Actually, let me rephrase that, this is a fiasco, which threatened to engulf WAMS, however because of a sudden agreement between student council and Mr. Keith, the protests were stopped and the school’s administration agreed to work towards a compromise.


Students tried to completely disregard this new rule until faculty began enforcing it with an iron fist. Teachers lined the hallways before school, armed with index cards, which they used to check students. This rendered about half of most female students’ summer wardrobes void and forced them to consider different alternatives.


In the beginning, the new dress code only paused the advance of spring, as female students reverted back to their winter wardrobes in an attempt to be in compliance with the new dress code. However, with rising temperatures and a high dose of spring fever, girls began to strike back.


On several occasions anonymous signs were hung in the hallways calling for change to the dress code and a petition was even started online. Even me, a figure relatively low on the social ladder, got several texts which were sort of mobile petitions asking for you to get fifteen signatures and then to send it on to fifteen more people.


These online forms of protest grew progressively more popular as they got hundreds of signatures. In many of these petitions, students were asked to wear some article of clothing in violation of the dress code in a hope to strong arm the school’s administration into changing their policy.


However, many of these petitions garnered false support which WAMS principal, Mr. Keith, commented on. He said that he saw comments on these online petitions from people in other school districts and even outside of the state. He also said, “Don’t just protest to protest, protest to make change.”


In response to the protests organized by students, student council had a meeting with Principal Keith in which they discussed possible changes to the dress code, which have been suggested by students.


Both parties agreed that the meeting went well and Mr. Keith says that he is meeting with his discipline committee to finalize a dress code for next year.  This will hopefully contain many suggestions made by students so that dress code will not be an issue again.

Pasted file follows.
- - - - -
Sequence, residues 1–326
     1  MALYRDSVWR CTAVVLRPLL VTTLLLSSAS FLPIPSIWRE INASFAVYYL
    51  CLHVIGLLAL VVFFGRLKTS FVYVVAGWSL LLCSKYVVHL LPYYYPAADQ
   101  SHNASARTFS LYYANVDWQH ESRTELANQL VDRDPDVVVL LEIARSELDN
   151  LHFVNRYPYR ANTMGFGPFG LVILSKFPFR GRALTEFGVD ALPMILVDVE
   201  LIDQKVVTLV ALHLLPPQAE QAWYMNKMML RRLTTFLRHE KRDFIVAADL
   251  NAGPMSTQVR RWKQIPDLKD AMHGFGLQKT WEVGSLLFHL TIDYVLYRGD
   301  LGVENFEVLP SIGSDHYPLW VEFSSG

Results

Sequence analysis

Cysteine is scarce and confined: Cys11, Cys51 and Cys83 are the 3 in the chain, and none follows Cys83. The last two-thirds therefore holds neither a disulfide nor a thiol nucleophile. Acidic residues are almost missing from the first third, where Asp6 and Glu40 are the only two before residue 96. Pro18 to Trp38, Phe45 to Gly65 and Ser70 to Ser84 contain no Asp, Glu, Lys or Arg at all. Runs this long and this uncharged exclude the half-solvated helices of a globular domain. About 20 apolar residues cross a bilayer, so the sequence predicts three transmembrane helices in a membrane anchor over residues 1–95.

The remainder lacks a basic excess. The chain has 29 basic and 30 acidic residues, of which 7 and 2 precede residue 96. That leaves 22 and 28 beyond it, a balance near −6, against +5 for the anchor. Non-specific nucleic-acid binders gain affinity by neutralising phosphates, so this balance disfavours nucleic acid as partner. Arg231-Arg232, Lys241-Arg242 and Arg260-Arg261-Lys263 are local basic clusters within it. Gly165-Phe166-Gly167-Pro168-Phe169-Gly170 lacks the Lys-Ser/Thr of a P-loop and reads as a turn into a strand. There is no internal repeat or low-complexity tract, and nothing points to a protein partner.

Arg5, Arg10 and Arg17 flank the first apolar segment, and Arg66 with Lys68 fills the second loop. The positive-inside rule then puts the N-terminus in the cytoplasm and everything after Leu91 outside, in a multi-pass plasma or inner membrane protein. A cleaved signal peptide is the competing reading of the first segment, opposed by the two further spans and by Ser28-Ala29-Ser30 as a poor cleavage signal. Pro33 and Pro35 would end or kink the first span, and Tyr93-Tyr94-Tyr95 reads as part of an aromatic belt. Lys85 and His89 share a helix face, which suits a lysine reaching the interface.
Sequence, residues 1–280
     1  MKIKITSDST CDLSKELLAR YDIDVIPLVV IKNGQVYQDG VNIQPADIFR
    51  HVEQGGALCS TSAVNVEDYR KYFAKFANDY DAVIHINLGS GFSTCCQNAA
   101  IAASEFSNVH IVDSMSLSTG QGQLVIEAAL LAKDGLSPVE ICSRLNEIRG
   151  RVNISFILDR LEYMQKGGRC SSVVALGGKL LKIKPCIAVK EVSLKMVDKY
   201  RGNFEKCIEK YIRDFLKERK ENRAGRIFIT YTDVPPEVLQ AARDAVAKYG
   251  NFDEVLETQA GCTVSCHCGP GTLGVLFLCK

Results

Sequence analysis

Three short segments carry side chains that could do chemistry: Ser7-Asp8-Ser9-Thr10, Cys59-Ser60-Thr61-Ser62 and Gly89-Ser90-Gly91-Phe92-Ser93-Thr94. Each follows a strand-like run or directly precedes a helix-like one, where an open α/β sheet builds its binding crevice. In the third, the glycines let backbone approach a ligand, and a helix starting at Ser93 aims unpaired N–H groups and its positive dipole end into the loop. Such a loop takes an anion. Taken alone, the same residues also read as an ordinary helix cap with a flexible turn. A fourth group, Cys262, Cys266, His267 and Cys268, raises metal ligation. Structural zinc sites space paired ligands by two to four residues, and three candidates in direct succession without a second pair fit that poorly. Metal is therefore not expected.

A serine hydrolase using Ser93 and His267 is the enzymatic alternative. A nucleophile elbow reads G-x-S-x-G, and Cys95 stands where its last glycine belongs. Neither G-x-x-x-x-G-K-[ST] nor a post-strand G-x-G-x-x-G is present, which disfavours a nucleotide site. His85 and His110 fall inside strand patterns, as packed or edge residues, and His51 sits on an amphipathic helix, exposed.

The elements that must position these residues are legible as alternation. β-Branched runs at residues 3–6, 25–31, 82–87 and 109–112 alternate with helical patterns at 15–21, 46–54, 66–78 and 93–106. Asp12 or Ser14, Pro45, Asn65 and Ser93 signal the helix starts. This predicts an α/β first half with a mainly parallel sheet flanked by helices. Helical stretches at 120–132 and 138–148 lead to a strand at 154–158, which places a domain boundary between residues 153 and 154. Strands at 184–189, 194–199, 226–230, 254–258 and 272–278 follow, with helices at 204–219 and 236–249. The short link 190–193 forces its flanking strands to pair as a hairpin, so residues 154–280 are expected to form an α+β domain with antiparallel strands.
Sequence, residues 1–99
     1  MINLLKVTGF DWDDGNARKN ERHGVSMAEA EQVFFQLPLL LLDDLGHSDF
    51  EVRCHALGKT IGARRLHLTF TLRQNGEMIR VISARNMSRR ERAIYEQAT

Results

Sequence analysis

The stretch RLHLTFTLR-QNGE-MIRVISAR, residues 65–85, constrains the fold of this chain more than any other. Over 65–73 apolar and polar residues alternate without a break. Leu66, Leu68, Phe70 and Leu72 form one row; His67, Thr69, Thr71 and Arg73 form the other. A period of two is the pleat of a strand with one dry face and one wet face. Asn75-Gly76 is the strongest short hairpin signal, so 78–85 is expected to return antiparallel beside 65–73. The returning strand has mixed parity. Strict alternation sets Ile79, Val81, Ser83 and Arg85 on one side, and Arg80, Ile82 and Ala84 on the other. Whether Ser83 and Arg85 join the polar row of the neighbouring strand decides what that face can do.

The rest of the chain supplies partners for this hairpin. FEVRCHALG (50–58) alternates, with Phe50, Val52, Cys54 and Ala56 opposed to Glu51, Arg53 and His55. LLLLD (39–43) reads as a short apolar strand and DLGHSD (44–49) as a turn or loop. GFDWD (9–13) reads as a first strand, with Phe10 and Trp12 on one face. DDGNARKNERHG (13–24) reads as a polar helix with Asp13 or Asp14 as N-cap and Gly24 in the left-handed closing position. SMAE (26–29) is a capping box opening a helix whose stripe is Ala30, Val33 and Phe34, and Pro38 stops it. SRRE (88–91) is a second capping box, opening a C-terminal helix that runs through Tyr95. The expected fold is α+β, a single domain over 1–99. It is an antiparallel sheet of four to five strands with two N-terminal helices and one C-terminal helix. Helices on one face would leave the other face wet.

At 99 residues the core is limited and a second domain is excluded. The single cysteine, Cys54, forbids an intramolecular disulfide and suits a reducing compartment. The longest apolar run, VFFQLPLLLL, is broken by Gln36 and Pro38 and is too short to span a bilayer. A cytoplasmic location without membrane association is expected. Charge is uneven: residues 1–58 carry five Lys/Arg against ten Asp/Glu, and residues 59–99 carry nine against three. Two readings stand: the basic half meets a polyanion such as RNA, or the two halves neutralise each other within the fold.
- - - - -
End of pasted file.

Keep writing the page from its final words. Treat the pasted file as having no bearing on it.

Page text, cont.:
WAMS's Wonderful Yearbook

posted May 21, 2015, 12:01 PM by Lauralee Richardson

By: Kelsea Aukett

Every year the Yearbook Club at WAMS creates a stunning book that highlights every event that took place during the school year. Ms. Martin hosts the club, and the students in it work together to include pictures of school events. Both Ms. Martin and Ms. Parsons run the club, and a handful of eighth graders help take pictures and put it all together.

In an interview with Ms. Parsons, she explained some things that happen during the production of the yearbook. “We hold a meeting at the end of the school year and have our members brainstorm ideas for the following year’s theme. We then ask them to draw a potential cover for the book. Those covers are then put into “WAMS News” and shown to the whole school. The students then vote on their favorite idea or theme. Whichever theme wins, is what we use for the book the following year.” She also explained that the process of making the yearbook lasts the whole school year until it is fully complete. The yearbook club doesn’t release it until all school events have happened, so the finished product includes everything that happened that school year.

In another part of the interview, Ms. Parsons congratulated Ms. Martin on doing her part in designing the themes for the yearbook, and even said that without her, the yearbook would not be what it is now. Ms. Martin has even been recognized nationally for her designs. Ms. Parsons wanted to keep the theme a secret, but said that they left a section in the yearbook for recognizing the eighth graders. Because there are some secrets hidden in the yearbook, you’ll have to buy one to find out what the secrets are!

To Ms. Parsons, she likes the fact of buying a yearbook, because then she can look back and remind herself of everything that happened that year. She has been at WAMS since 1999 and has had a yearbook for every year since she’s been at WAMS. She would recommend anyone that hasn’t bought a yearbook yet to do so. However, the yearbooks this year cost around $45, so get them while you can!